Nayomi Munaweera’s second novel, “What Lies Between Us,” goes deep into the troubled background of a Sri Lankan woman to explore what leads her to commit a terrible act. Munaweera appears Thursday, March 3, at Seattle’s Elliott Bay Book Co.
In her new novel, author Nayomi Munaweera takes on the subject of motherhood — and completely defaces it.
“What Lies Between Us” (St. Martin’s Press, 320 pp., $26.99), Munaweera’s second novel, features a main character who commits a horrendous violation of society’s unspoken code that raising a child is a woman’s most sacred task.
In the opening of the novel, Munaweera drops hints that the main character, Ganga, has been institutionalized for an unspecified crime. She wants to tell her story.
The author of “What Lies Between Us” will appear at 7 p.m. Thursday, March 3, at Elliott Bay Book Co., 1521 10th Ave., Seattle; free (206-624-6600 or elliottbaybook.com).
Like her acclaimed first novel, “Island of a Thousand Mirrors,” this story is set in her native island-country of Sri Lanka. She employs her elegant prose to depict the lives of both the privileged class and those who serve them in a country relatively unknown to an American audience.
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From the outset, Ganga asserts that this is not just a confession, but a much more important statement. Ganga, the narrator, states, “This is a history of what we do to one another. This is the story of what it means to be both a child of a mother and a child of history.”
The author then carefully unfolds a vivid account of Ganga’s life growing up as an only child in an affluent, yet troubled home.
Munaweera pulls off an impressive narrative feat in that she presents a story that is both illustrative, and yet painstakingly rife with secrets.
Ganga’s parents have an unstable relationship marked with closed-door shouting matches and prickly behavior in public. For Ganga and the reader, it is hard to decipher who is the aggressor. In some instances, the father comes off as condescending and cold toward his wife. One of the servants in the home explains to Ganga that her father came from money while her mother did not, and it’s not so easy for a woman to adapt.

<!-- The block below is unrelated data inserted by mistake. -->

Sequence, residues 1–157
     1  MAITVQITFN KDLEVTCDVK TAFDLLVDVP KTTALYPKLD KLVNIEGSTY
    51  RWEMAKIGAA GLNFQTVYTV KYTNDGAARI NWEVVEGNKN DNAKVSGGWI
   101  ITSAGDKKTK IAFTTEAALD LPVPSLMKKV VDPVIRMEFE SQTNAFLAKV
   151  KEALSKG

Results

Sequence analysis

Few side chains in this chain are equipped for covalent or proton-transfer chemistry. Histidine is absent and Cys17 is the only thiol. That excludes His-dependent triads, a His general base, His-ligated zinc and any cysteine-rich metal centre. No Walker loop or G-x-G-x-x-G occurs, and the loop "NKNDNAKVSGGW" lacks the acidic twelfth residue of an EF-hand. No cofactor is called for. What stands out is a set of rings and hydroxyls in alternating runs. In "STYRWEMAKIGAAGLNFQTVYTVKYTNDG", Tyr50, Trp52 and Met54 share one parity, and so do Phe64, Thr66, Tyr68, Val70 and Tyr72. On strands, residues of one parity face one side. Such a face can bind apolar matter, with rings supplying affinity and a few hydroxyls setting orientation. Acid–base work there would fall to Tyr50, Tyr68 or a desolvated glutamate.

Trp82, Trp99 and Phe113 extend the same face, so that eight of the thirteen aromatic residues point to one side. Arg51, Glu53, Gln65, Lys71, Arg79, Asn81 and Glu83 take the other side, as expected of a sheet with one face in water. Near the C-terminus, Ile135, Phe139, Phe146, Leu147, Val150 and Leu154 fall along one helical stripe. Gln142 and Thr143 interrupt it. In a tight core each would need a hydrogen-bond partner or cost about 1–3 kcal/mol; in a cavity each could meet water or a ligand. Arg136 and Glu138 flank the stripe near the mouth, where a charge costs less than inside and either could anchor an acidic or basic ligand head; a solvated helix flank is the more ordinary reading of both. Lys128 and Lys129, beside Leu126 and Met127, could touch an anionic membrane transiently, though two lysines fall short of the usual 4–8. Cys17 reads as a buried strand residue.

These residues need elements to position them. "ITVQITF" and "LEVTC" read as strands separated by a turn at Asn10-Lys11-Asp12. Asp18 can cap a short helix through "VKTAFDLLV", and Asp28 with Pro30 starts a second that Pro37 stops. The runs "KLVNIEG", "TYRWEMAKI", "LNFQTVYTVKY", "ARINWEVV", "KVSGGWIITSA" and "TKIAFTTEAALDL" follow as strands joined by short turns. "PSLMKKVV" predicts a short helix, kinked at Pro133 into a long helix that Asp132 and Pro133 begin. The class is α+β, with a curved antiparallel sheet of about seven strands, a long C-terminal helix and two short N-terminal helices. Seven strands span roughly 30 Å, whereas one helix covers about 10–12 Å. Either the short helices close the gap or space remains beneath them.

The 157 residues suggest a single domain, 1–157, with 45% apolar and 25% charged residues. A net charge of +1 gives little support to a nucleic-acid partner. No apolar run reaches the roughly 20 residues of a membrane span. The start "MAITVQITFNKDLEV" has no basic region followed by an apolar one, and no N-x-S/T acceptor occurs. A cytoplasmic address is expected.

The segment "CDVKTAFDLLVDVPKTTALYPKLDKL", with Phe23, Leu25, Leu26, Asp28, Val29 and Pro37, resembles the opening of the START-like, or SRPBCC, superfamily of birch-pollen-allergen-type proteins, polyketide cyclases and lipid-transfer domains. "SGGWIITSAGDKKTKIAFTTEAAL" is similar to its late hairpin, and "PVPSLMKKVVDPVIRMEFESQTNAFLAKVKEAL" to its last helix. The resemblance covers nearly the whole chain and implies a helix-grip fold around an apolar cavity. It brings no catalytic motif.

In one scene, Ganga’s mother knocks an expensive camera out of her husband’s hands, sending it crashing to the ground, as he attempts to photograph his daughter after a school performance. He plays it off as an accident to save face in front of the other families while his wife reprimands him. On the ride home, Ganga remains silent, hoping to not add to whatever drama is going on.
It is that urge to suppress secrets, pain and conflict that haunts Ganga for the rest of her life and leads her to make a catastrophically bad decision.
But before the novel arrives at that fateful incident, the story takes us through Ganga’s coming of age both in Sri Lanka and later in the United States, where she moves with her mother as a teenager. The story follows Ganga into adulthood. She becomes a nurse, working and living in San Francisco. She unexpectedly falls in love and becomes a wife and mother.
Ganga is surprisingly self-reflective despite her inability to confront the secrets that consistently rattle her. In a passage, she states, “I had long longed for normalcy. I had wanted only these things — a marriage, a shared place, the serenity of a long-lived love. But normalcy is a miracle, not granted to all who ask.”
The novel is rich with artfully intricate language and descriptions. Munaweera has managed to craft an alluring, complex and beautiful tale centered on a heinous act. While it’s clear a tragic ending is inevitable, the novel carries an urgency and hypnotism that makes it impossible to look away.